Fifth I set the bridge height. Often times on acoustic guitars there are shims under the saddle. I remove as many as needed to get the action as low as possible without fret buzz. Sometimes I need to shave the saddle a little but not very often. By the time the above things are done the action is nice and low and comfortable.

If the guitar is an electric I set the intonation at this point.

Not once during this process do I ever refer to the "factory measurements" because I know that outside of the production environment they are meaningless. They are not needed in any meaningful way. They are a goal based on compromise for production reasons - and nothing more.
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sdgrfan1
#7 Posted : 8/7/2017 10:13:02 AM
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RIX, I checked the neck angle and a straight-edge hits the bridge at a point where the bridge needs to be lower by about 1/32". This is a new $300 guitar so I'm not going to mess with a neck reset. On the bright side, I've got the relief and the action where you recommended and there is no buzzing anywhere.

Tracy, I do understand what you are saying. But 1) I don't know of any luthiers in my area that I would trust and 2) I'm not going to put a lot of money into this guitar because it is a cheap, Chinese starter model. I just want it to be playable. Then, if I decide that I really like guitar, I'll buy a Martin or a Taylor or a Seagull or some other higher-end guitar that is worth putting money into.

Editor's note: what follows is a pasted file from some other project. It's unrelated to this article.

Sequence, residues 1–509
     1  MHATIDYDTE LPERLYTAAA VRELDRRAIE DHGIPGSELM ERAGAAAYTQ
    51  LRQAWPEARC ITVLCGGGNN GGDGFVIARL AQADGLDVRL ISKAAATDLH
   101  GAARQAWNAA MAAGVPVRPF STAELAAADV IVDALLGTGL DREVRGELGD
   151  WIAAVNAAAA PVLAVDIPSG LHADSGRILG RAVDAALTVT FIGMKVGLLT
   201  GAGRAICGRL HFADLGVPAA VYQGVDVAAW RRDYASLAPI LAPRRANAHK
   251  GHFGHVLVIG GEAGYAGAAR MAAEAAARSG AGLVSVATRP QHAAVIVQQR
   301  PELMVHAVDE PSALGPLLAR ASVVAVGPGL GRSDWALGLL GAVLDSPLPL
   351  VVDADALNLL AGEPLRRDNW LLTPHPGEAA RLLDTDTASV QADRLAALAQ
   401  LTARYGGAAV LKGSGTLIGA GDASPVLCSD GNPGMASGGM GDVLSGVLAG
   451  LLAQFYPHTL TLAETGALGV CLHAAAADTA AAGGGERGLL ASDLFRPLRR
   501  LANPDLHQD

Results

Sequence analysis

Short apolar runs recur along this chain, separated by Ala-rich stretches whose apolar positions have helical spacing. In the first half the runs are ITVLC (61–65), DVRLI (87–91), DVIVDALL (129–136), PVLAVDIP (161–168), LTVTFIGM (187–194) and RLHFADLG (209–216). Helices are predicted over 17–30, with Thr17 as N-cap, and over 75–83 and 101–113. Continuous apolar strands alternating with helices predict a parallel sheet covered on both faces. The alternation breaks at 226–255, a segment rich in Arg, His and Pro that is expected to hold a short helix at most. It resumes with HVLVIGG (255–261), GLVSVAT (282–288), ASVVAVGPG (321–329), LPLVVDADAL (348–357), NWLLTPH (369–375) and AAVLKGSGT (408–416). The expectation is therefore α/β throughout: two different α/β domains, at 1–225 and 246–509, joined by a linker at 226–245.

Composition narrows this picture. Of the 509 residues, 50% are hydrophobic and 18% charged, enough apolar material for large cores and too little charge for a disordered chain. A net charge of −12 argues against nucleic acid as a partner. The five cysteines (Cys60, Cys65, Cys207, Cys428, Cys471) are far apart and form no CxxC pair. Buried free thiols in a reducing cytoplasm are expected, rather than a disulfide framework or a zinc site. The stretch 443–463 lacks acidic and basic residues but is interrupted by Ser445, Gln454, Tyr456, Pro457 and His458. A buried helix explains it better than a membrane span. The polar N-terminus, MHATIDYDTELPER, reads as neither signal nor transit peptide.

RIX
#8 Posted : 8/7/2017 3:34:34 PM
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Bill, if you bought this guitar new from a authorized dealer than return it and have them send you a new one, since this one has manufacture defect.

I say this because last year I ordered a new Ibanez acoustic guitar and the action was really high. After checking it out I found that the neck angle was off like your guitar. I sent it back and got a refund; I was really disappointed that Ibanez didn't catch this in the QC process.
RIX
sdgrfan1
#9 Posted : 8/8/2017 1:31:36 AM
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RIX, I appreciate your advice. I bought this guitar at my local Guitar Center. Obviously, they pull the shipping box out of the back room, you pay for it, and you walk out with it. And as Tracy has said, due to the nature of a good setup, GC is not going to mess with it. They only had one other of this model (the one on display), and the action was worse than mine. You could have used it as a crossbow.